Doctor’s Whiteboard: Staying Active with Knee Pain (Video Transcript)


All of us from time to time experience pain in our knees—especially after exercising or gardening or after a hard day’s work.

A very common cause of knee pain is a condition called osteoarthritis (or OA), and it’s one of the most prevalent forms of arthritis, affecting millions of people every year. People who have physically demanding jobs or athletes may be more at risk for developing OA, but the condition can happen to anyone.

Inside the knee, OA primarily affects the cartilage, which acts as a shock absorber every time you take a step, and the synovial fluid, which helps keep your knee joint lubricated. As OA progresses, these tissues become damaged and stop functioning like they’re supposed to.

So what can you do to get relief?

In the early stages of the condition, there are a number of lifestyle changes and non-invasive treatments that can help you live with less pain and continue doing many of the activities you enjoy, including running, hiking, and working outdoors.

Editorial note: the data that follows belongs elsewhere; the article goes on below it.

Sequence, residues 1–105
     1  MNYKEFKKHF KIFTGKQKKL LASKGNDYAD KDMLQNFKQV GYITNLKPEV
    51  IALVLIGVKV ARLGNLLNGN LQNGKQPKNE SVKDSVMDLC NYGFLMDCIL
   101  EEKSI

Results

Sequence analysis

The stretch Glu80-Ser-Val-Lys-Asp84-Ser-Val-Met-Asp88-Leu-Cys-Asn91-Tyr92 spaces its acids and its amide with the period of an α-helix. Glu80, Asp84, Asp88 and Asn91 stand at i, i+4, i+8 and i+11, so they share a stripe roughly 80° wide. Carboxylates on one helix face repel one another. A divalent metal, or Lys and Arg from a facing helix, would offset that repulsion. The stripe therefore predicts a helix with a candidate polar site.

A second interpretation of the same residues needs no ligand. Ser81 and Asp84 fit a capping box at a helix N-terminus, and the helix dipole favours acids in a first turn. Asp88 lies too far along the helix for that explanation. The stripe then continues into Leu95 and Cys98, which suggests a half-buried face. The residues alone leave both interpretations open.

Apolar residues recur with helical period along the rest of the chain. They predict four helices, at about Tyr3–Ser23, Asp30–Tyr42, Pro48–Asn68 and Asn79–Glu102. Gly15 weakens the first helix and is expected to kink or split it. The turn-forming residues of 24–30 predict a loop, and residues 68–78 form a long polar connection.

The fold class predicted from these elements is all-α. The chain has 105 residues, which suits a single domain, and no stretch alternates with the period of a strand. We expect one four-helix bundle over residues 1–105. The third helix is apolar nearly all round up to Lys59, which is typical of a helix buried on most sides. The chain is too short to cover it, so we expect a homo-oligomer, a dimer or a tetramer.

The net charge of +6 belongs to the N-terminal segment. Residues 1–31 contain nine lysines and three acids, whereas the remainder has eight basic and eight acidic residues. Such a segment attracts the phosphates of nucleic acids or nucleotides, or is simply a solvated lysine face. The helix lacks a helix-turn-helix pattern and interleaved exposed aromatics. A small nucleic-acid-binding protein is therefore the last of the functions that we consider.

First off is diet and weight loss: For every pound of weight a person loses, they take several times that amount off their knees.

Exercise and strength training can also help increase mobility.

Over the counter and prescription pain relievers can provide some short-term relief.

Your doctor may also suggest one of several injectable options for OA that can be performed in the office. Some of these treatments can help reduce pain and swelling for a couple of weeks. There are also injectable therapies that actually supplement the synovial fluid inside the knee joint and can provide several months of relief.

If you’re interested in knowing more about treating OA of the knee, take a look at the information we have here at Healthline or make an appointment with your doctor.